Unvalidated input - untrusted data is used as a format string.

This checker detects and flags instances of external input-controlled data used as format strings. .NET libraries supporting custom format strings expect them to adhere to certain patterns. An invalid format string can result in a FormatException thrown or program behavior altered in different ways.

Vulnerability and risk

When input to code isn't validated properly, an attacker can craft the input in a form that isn't expected by the application. The receipt of unintended input can result in an altered control flow, arbitrary resource control, and arbitrary code execution. With this sort of opportunity, an attacker could
  • provide unexpected values and cause a program crash
  • cause excessive resource consumption
  • read confidential data
  • use malicious input to modify data or alter control flow
  • execute arbitrary commands

Mitigation and prevention

To avoid tainted input errors

  • Understand all the potential areas in which untrusted inputs could enter your software: parameters or arguments, cookies, input read from the network, environment variables, reverse DNS lookups, query results, filenames, databases, and any external systems.
  • Use an allowed list or 'known good' policy for inputs rather than relying only on a blocked list or 'known bad' strategy.
  • Validate all relevant properties of the input, including length, type of input, ranges, missing or extra inputs, syntax, and consistency.
  • If there are security checks on the client side of an application, ensure the security checks are duplicated on the server side.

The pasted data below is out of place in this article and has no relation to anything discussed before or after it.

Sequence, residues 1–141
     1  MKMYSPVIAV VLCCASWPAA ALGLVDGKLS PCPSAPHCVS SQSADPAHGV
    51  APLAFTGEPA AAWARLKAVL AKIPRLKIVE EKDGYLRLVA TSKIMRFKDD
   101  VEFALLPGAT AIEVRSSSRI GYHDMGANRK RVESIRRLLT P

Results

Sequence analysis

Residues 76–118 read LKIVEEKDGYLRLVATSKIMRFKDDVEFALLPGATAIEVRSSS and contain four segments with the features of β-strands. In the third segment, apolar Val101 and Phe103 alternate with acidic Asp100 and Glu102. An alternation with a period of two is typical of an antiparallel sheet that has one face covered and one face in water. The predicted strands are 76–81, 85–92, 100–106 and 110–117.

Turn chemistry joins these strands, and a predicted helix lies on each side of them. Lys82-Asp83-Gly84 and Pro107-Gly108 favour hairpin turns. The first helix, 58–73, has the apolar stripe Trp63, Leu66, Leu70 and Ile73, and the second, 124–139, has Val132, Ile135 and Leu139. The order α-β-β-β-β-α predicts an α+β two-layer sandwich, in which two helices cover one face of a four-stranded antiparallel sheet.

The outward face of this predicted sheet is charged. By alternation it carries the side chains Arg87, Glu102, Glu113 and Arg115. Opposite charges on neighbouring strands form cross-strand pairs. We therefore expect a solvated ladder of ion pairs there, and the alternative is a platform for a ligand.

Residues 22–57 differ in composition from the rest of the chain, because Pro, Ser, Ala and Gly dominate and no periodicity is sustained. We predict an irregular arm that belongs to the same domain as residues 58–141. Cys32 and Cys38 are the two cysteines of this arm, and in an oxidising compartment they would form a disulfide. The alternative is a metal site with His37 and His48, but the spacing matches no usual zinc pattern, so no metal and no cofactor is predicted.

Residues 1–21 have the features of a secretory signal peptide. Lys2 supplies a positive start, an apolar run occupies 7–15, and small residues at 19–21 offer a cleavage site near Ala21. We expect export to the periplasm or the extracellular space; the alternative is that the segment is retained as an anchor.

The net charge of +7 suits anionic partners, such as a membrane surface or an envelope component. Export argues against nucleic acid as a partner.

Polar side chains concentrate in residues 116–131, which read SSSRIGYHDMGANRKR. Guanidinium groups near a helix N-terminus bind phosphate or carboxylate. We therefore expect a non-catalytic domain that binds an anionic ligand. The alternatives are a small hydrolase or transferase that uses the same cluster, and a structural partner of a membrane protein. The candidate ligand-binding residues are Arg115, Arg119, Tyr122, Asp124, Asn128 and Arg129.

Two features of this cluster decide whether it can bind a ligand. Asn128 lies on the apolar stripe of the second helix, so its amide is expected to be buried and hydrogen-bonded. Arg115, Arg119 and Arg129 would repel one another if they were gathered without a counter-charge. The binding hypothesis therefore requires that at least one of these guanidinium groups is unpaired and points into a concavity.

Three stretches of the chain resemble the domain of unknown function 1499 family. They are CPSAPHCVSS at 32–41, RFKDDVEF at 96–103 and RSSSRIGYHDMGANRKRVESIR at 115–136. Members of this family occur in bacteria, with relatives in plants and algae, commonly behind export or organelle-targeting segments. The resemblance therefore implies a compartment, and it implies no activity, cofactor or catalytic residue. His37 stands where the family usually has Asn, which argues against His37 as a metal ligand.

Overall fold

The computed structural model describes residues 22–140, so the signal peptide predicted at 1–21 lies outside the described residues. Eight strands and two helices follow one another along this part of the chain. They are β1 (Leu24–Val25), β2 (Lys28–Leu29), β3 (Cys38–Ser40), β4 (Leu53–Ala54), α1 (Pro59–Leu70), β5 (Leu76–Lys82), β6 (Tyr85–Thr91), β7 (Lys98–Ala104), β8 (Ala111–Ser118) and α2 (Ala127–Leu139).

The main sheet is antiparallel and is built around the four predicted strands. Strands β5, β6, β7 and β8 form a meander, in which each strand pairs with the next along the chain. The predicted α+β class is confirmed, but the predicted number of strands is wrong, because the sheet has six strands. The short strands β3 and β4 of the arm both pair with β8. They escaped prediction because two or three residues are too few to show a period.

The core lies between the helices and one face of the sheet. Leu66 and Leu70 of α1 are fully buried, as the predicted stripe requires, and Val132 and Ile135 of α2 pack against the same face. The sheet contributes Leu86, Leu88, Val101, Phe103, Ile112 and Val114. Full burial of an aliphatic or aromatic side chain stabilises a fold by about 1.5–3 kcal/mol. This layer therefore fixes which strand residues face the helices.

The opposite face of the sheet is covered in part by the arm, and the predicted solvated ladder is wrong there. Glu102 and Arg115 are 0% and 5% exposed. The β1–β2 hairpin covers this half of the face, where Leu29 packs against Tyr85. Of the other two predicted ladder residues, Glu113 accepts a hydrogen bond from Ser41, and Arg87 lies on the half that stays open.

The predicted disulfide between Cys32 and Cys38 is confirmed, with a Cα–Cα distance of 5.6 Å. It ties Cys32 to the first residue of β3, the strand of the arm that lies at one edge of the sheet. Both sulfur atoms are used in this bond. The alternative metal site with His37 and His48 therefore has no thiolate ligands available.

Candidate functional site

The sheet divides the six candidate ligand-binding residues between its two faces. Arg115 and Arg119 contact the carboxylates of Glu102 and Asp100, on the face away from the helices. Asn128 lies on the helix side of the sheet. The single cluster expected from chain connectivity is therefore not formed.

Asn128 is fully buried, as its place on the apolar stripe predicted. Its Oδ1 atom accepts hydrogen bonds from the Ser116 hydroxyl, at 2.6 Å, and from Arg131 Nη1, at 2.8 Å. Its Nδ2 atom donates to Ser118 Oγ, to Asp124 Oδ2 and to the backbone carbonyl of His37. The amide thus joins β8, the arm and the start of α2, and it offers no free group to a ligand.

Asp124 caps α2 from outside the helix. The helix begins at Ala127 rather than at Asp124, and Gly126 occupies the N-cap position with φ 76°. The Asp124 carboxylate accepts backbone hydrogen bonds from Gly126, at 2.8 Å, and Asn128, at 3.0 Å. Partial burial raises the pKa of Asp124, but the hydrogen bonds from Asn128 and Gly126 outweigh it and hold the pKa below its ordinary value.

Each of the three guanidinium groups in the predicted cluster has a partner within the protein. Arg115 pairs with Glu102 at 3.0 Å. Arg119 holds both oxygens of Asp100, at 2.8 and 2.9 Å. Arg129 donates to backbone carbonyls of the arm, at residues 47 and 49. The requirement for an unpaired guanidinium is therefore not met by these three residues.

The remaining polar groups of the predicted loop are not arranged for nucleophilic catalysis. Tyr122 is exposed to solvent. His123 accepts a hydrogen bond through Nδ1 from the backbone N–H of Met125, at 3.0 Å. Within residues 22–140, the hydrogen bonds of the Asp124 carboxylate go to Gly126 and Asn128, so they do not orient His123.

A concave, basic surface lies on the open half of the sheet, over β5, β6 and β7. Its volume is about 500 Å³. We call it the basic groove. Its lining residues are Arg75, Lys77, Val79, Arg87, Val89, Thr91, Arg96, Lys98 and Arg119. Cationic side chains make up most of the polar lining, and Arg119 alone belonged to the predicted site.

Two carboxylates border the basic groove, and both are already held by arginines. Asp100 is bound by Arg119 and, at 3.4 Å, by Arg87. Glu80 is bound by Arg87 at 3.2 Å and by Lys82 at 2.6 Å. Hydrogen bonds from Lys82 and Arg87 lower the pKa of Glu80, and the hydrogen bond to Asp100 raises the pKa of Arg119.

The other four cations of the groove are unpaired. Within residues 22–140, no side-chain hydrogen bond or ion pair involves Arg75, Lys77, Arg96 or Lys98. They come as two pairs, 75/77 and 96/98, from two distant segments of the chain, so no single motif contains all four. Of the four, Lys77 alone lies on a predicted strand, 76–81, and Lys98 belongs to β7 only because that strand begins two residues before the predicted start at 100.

• If the application combines inputs from multiple sources, perform the validation after the sources have been combined.

Vulnerable code example 1

1   namespace CS.SV.TAINTED.FMTSTR
2   {
3       class Program
4       {
5           static void Main(string[] args)
6           {
7               string fmtStr = Console.ReadLine();
8               int num = 10;
9               Console.WriteLine(fmtStr, num); 
10          }
11      }
12  }

In the above example, the format string is read from the user input and thus is a subject to a malicious input. Klocwork reports this vulnerability as a CS.SV.TAINTED.FMTSTR defect, indicating, “Unvalidated string 'fmtStr' received from an external function through call to 'ReadLine' at line 7 can be used as a format string through a call to 'WriteLine' at line 9. This can lead to buffer overflows within the string buffer, which in turn can lead to arbitrary code execution from user input. Check the length and content of strings used in format string operations".

Vulnerable code example 2

1   namespace CS.SV.TAINTED.FMTSTR
2   {
3       class Program
4       {
5           static void Main(string[] args)
6           {
7               int res = 4;
8               Console.Write(args[1], res); 
9           }
10      }
11  }

In this example, the format string is obtained from the command line arguments and is thus also susceptible to a malicious input. Klocwork reports this issue as a CS.SV.TAINTED.FMTSTR defect at line 8.

Security training

Application security training materials provided by Secure Code Warrior.